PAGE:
Document Type

Journal Article

Publication Title

Virology Journal

Volume

17

Issue

1

PubMed ID

32620148

Publisher

Springer

School

School of Medical and Health Sciences

Comments

Nyarko, E., Obirikorang, C., Owiredu, W. K. B. A., Asamoah, E. A., Acheampong, E., Aidoo, F., ... & Asare-Anane, H. (2020). NTCP gene polymorphisms and Hepatitis B virus infection status in a Ghanaian population. Virology Journal, 17, Article 91. https://doi.org/10.1186/s12985-020-01376-0

Abstract

© 2020 The Author(s). Background: SLC10A1 gene codes NTCP, a receptor through which the hepatitis B virus (HBV) gets access into hepatocytes- A stage of the viral cycle necessary for replication. Polymorphism variants of SLC10A1 play roles in HBV infection, viral clearance, treatment outcome, and complications, in diverse ethnic groups and countries. However, no such study has been conducted in the Ghanaian population, a country with HBV endemicity. Therefore, an exploratory study was conducted to investigate the presence of three (3) single nucleotide polymorphisms (SNPs) in the SLC10A1 gene (rs2296651, rs61745930, and rs4646287) and assessed the risk of HBV infection among the Ghanaian population. Method: Polymerase chain reaction-restriction fragment length polymorphism (PCR-RFLP) method was used to determine the presence of the SNPs among 292 participants comprising 146 HBV infected persons as case-subjects and 146 HBV non-infected persons as control-subjects. Results: The minor allele frequency (T) of rs2296651 was present in a significantly high proportion of cases compared with the control group (11.6% vs. 3.1%, p < 0.0001). The homozygote recessive variant of rs61745930 was present in 2.7% of the control group and 5.5% of the case group. Moreover, the minor allele frequencies of rs4646287 were 9.3 and 8.2% among the control and the case group, respectively (p = 0.767). Under the dominant (CC) genetic model of inheritance, rs2296651 was found to be protective of HBV infection [OR = 0.18 (0.07-0.44)], whereas under the co-dominant and additive model, rs2296651 was a potential risk factor for HBV infection [OR = 5.2 (95%CI: 2.1-12.8); 3.5 (95%CI: 1.6-7.6], respectively. Variants of rs61745930 and rs4646287 were not associated with HBV infection (p > 0.05). Polymorphisms in SLC10A1, however, did not show any significant association with HBV infectivity (p > 0.05). Conclusion: The study highlights some polymorphism proof that variants rs2296651, rs61745930, and rs4646287 exist in HBV-infected individuals in Ghana. Although variant rs2296651 was found to be associated with HBV infection, this association warrants more studies. Polymorphisms in SLC10A1 were not associated with HBV infectivity among the Ghanaian population. Further investigation is warranted to assess the offensive role of the relationship between rs2296651 and HBV infectivity.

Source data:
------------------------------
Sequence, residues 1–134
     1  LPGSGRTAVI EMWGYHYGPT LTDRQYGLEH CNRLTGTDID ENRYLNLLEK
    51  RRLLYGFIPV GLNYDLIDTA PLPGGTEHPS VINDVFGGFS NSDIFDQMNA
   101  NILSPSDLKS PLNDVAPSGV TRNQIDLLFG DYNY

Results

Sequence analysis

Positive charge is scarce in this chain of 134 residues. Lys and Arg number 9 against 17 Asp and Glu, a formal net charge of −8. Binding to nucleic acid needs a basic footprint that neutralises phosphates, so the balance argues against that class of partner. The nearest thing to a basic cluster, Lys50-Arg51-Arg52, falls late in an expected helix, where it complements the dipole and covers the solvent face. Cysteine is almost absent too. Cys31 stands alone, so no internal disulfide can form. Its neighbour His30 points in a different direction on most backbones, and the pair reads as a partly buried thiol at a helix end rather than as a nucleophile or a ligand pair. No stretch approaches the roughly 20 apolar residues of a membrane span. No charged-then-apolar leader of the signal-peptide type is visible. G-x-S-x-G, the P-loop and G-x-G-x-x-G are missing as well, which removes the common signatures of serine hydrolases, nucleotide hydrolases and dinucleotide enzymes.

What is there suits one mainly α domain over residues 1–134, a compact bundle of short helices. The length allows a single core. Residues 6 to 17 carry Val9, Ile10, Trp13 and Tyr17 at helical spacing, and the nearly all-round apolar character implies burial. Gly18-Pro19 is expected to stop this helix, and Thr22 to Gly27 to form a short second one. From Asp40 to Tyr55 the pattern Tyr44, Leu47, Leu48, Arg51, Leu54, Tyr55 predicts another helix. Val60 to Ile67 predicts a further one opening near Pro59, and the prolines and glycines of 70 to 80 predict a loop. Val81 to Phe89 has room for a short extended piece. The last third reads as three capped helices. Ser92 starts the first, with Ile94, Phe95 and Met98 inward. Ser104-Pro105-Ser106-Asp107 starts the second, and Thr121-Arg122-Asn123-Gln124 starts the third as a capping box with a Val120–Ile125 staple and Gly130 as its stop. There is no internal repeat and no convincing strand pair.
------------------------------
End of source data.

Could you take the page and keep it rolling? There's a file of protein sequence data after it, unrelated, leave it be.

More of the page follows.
DOI

10.1186/s12985-020-01376-0

Creative Commons License

Creative Commons Attribution 4.0 License
This work is licensed under a Creative Commons Attribution 4.0 License.

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